As printed in The Jewish Link
Rabbi Moshe Hauer
Nathan J. Diament
Imagine being a Jewish student at the City University of New York (CUNY) School of Law when Fatima Mohammed gave her speech at its commencement ceremony on May 12.
On a day that should be celebratory for all those in attendance, Jewish students had to sit through hearing their homeland accused of fomenting “lynch mobs” and being compared to an array of heinous racist and imperial groups.
The worst part? Far from denouncing this explicit use of hate speech, their fellow students cheered the attacks. Coupled with CUNY’s history of antisemitism, this incident serves as a loud alarm bell that America’s universities have an antisemitism problem to address.
The good news is Mohammed’s speech came at the heels of the release of the White House National Strategy to Counter Terrorism, which offers concrete steps to address, among other things, the rising hate on our campuses.
The Orthodox Union provided The White House with a lot of input for the Strategy. We joined roundtable discussions, submitted memorandums, and more. This was a priority for us because Orthodox Jews, whose Jewish identity is more visible, are also targeted for hate crimes at a much higher rate. But the incident at CUNY Law shows all Jews are vulnerable to hateful harassment irrespective of their level of religious observance. Here is the first early test of how the White House Strategy will – or will not – be implemented.
The White House Strategy recognizes the International Holocaust Remembrance Alliance’s (IHRA) working definition of antisemitism, which clearly outlines that criticism of Israel can spill into hate speech. Adopted by the governments of 31 nations and many states around the U.S., IHRA leaves no gray areas in recognizing Mohammed’s speech as antisemitic and addressing it head-on.
The White House Strategy directs senior officials of the U.S. Department of Education to conduct site visits to campuses “that have experienced upticks in antisemitism but have not yet adequately addressed such concerns.” A visit to CUNY Law should be atop the travel itinerary. We also urge the Department’s Office of Civil Rights to open an investigation into this incident to ensure, as the National Strategy says, “everyone has a right to learn in an environment free from antisemitic harassment.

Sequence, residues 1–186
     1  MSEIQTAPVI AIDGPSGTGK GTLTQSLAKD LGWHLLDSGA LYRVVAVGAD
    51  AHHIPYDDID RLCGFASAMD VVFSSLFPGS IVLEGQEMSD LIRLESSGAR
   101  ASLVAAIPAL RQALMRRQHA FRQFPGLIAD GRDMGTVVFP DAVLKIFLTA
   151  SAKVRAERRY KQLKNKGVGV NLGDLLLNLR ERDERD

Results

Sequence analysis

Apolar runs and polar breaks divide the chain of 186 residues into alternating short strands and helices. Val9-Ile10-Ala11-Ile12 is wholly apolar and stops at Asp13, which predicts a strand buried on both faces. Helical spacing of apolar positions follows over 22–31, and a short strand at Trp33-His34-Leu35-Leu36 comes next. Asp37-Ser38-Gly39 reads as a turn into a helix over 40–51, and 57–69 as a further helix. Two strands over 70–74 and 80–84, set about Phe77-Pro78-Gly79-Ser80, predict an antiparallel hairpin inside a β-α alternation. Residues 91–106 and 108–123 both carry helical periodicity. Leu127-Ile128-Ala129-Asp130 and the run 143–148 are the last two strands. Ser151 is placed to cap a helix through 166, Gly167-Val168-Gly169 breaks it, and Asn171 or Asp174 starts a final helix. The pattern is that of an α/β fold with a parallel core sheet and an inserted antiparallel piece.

But there are other actions to be taken in response to the CUNY Law screed. Congressman Mike Lawler has introduced legislation to block colleges and universities from receiving federal funds if they fail to prevent the fomenting of antisemitism on their campuses. Congressional leaders should schedule consideration of this bill as soon as possible.
America’s colleges can and should be a welcoming place for all students, Jewish students among them. A 2022 survey found that over half of Jewish students worry about paying a “social cost” at their school if they support the existence of Israel as a Jewish state. The White House Strategy to Counter Antisemitism cited this survey as evidence of the need for action. CUNY Law’s commencement has provided an immediate illustration of the problem. American Jews are watching for the White House’s response. The plan is a good one, but only as good as its implementation.
Rabbi Moshe Hauer is the Executive Vice President of the Orthodox Union
Nathan Diament is the Executive Director for Public Policy of the Orthodox UnionSource: Jewish Link